From John Kilty
Annapolis, July 23rd 1794.
I beg leave once more respectfully to present myself to your Excellency among the Candidates for the Collectorship of the Port of Baltimore, made vacant by the death of General Williams, and to lay before you the enclosed Letter from the Chancellor of Maryland, which with the Testimonials I had the honour to transmit on a former occasion, must form the whole foundation of my hopes on this1—Considerations of delicacy, of which it would be improper at this time to trouble your Excellency with an explanation, have prevented me from procuring more extensive recommendations.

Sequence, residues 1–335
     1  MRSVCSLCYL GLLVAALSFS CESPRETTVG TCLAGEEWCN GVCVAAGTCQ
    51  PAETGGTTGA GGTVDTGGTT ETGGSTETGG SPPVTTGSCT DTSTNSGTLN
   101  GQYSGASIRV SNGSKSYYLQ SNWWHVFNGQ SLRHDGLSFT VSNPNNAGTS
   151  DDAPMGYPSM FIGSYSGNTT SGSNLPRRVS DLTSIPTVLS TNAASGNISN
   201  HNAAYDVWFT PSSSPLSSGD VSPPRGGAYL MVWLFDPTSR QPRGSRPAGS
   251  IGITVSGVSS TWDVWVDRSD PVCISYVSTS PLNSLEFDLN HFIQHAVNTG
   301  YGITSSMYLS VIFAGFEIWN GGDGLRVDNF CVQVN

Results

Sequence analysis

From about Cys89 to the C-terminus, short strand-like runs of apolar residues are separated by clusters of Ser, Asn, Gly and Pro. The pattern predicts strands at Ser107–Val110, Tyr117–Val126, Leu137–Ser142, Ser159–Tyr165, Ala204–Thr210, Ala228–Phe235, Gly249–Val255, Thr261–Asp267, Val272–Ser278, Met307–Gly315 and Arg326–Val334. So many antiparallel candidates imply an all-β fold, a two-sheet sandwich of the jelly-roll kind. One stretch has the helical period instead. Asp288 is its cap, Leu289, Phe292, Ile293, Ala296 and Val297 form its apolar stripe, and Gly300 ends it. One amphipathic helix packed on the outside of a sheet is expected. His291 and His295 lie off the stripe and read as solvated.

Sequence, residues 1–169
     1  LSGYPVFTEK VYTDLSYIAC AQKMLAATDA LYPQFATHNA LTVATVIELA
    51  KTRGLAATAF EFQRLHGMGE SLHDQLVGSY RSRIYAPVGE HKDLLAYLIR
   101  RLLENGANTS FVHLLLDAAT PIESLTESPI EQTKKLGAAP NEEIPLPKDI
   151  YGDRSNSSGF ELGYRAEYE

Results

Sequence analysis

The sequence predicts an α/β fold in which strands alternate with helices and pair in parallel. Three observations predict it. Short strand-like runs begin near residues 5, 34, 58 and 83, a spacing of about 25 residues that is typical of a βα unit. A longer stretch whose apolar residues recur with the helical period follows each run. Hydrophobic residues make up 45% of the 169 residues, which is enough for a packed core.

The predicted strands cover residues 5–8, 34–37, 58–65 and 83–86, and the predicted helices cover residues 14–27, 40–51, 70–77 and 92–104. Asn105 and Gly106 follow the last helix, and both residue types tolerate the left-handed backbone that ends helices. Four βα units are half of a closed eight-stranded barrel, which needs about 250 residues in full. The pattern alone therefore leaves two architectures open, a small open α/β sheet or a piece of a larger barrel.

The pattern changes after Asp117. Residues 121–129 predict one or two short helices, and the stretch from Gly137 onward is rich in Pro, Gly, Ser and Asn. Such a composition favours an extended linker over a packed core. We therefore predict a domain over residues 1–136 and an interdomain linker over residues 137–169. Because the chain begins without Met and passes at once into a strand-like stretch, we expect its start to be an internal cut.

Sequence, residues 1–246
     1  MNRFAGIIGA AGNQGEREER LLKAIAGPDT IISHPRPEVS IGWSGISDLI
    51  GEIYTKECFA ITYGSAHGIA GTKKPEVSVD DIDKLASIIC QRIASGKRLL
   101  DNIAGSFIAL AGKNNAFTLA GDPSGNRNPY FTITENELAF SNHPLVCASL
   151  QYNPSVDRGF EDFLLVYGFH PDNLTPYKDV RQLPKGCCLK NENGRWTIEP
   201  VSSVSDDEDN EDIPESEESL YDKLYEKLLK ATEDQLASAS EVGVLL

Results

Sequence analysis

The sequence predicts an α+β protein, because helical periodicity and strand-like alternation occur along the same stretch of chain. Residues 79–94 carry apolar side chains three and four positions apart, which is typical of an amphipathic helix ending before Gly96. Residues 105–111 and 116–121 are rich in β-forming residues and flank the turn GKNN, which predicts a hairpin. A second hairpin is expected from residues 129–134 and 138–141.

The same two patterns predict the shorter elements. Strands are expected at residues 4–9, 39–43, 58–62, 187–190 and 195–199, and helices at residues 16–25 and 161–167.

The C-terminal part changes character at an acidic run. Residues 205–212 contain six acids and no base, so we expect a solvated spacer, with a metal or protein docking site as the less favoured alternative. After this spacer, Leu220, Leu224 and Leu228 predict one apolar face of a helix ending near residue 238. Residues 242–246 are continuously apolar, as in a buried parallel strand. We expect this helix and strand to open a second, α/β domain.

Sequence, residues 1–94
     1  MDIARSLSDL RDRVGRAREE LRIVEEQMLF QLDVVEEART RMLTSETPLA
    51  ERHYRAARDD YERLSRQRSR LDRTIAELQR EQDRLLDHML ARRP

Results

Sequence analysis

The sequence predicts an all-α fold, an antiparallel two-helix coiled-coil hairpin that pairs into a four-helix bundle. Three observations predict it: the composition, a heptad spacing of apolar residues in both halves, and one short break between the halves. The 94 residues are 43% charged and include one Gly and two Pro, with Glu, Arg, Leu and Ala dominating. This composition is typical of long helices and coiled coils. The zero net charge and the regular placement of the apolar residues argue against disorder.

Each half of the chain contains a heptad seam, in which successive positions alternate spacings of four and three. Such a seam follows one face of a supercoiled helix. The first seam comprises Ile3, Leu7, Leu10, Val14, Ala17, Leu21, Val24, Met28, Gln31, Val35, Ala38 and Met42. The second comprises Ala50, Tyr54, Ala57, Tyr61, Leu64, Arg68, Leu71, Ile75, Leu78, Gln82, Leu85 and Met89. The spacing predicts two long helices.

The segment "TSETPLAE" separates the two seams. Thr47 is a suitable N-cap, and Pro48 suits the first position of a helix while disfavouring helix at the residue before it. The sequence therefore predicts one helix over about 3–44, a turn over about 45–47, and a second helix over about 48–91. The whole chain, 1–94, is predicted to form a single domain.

I hope Sir that I shall not be thought either so presumptuous or so simple as to entertain any very confident expectations of succeeding to an Office which I am told will excite the competition of many Gentlemen who, joined to great merit and the necessary talents, have the advantage of that kind of respectability which is derived from wealth and extensive connections; and some of whom have also had the happiness to render eminent public services. But although I am not of this fortunate description of Men, I should wrong the respectable persons who have advocated my pretensions, and I should wrong my own consciousness of having faithfully and zealously discharged every duty in which I have hitherto been engaged, if I wholly disclaimed any view to the important office in question: nevertheless, it is almost needless to say that if the disposition of this Office should be such as to create another vacancy in the revenue department, I should be inclined thankfully to receive the post thus vacated.